his corerspondents for their com-
ments.
Predicts Death Of
Football In 1942
PHILADELPHIA, Dec. 14. - (P) -
Philip O. Badger, chairman of the
board of athletic control of New York
University, said today intercollegiate
football as it exists at present "will
be dead in 1942" unless "those in a
position of .trust as heads of insti-
tutions get down to business."
Badger, speaking at the annual
meeting of the Middle Atlantic States
Conference, said college football af-
ter 1942 "would be professional as
against amateur" if officials did not
stop "dodging responsibilities and ra-
tionalize athletics."
He expressed the belief intercol-
legiate athletics were on the verge of
a "really significant rationalization
on a broad front.j

Beginning last month, he inaug-
urated the practice of listing general
conclusions derived from his letters
and soliciting reactions from his cor-
respondents about them.
A typical extract, written by a
woman who is a Sunday School of-
ficial, says, "We have a group in the
neighborhood who made considerable
comment and resented my activities
because I play cards, dance, and
thoroughly enjoy life and they do
not."
Economic problems also come in
for considerable discussion. A coun-
ty school superintendent writes, "The
surrounding farmers are talking of
having a penny sale if the sheriff at-
tempts execution of the contract,"
and "There are at least 80 per cent
of the farmers of the community who
are now residing on farms and are
scheduled to go on the welfare or
some other institution, if they do not
have help."
The difficulty of reconciling urban
and rural ways of living is illustrated
in the statement, "Many city resi-
dents have bought farms and moved
their families here, especially during
the depression. These people have
come from Chicago, Detroit, South
Bend, and other cities. They have
come with new ideas and their own
ideals, forming a new community life
among themselves."
Professor Holmes has found that
he can get better cooperation from
the farmers by approaching them
(Continued on Page 4)
Football Star
Is Sentenced On
Larceny Charge
Leslie Anderson, 26 years old, fresh-
man football star here in 1930, and
Stanley Owens, 36, both of Grass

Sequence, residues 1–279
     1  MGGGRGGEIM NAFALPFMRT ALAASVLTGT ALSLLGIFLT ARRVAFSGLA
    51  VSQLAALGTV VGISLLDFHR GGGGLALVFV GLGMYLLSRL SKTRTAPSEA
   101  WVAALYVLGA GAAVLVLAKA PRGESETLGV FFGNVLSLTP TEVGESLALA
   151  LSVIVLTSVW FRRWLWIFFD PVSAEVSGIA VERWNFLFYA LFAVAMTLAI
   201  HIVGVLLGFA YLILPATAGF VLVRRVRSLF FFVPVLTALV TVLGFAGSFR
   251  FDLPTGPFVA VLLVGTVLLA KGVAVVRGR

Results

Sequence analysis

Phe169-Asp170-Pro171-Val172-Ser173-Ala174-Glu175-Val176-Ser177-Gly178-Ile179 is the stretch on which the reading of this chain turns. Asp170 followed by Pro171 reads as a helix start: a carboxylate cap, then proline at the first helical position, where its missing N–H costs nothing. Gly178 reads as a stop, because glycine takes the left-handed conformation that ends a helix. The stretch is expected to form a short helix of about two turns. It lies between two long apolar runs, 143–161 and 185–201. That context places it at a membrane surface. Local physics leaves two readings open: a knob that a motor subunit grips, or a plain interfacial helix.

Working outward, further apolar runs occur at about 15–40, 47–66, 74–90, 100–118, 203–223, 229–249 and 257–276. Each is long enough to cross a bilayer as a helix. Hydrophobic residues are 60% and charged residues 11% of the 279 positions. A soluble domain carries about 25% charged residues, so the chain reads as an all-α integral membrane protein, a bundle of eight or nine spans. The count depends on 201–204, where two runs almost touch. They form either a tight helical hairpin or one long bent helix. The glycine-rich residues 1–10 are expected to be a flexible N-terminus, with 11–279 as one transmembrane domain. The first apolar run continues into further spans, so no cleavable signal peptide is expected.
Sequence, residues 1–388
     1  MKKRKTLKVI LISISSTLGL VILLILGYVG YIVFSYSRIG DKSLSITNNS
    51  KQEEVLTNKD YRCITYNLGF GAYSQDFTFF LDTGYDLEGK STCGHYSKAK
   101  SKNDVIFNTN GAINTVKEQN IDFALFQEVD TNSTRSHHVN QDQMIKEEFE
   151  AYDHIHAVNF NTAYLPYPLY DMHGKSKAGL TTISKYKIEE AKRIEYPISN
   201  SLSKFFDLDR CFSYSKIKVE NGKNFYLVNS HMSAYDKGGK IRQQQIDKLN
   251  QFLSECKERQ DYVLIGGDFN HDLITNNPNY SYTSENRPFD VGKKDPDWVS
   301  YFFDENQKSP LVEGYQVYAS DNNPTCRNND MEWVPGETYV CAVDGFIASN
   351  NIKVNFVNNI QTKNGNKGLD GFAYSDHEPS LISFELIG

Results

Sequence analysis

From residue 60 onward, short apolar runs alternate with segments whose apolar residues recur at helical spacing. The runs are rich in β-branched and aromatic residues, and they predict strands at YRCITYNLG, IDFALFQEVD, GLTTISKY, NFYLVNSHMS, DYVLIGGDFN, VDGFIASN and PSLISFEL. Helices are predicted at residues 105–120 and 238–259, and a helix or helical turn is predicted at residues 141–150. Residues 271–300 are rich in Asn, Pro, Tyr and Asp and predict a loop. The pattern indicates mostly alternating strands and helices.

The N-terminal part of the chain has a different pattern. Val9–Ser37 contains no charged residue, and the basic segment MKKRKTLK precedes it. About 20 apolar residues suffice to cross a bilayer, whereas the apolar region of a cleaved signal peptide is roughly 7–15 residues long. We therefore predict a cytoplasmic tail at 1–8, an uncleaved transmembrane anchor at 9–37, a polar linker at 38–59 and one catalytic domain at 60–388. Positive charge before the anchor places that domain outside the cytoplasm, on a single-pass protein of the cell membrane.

Lake, were sentenced to serve terms
of not more than 15 years in the
States' Prison of Southern Michigan
at Jackson in circuit court yesterday,
by Judge George W. Sample on a
charge of robbery unarmed.
Anderson was convicted on a sim-
ilar charge by Justice Jay Payne,
when he was playing football here. He
was placed on probation for five years,
on the earlier charge after it had
been reduced from a charge of rob-
bery armed. The two men were sen-
tenced yesterday for holding Roscoe
Bickford, Jackson taxi driver, last Oc-
tober near Lima Center, taking his
cab which they later abandoned in

'Newsboys' Will Take To
The Streets For Sepical
Edition Sales
Goodfellows List
New Contributions
Leading Senior Students
Don Aprons In Effort
To Swell Fund
The Goodfellow edition of The
Daily will come to the aid of Ann
Arbor's needy tomorrow.
Fifty of the University's leading
senior students will don their Good.
fellow aprons and occupy the street
corners of Ann Arbor tomorrow as
their drive to provide food and
clothing for needy students, children
and families reaches its climax.
Faculty, students and administra-
tion officials, 200 strong, have united
behind the front of the Goodfellows
in contributing advance subscrip-
tions to the issue for more than $400,
even before the issue is off the press.
New contributions, new offers of as-
sistance in sales and distribution have
poured constantly into the office of
the Goodfellow editor of The Daily.
Thanks from the Goodfellow Editor
have been extended to the following
honorary Goodfellows, for courtesies
and professional contributions: Frank
Oakes, of Burr, Patterson & Auld;
Edward C. Pardon, superintendent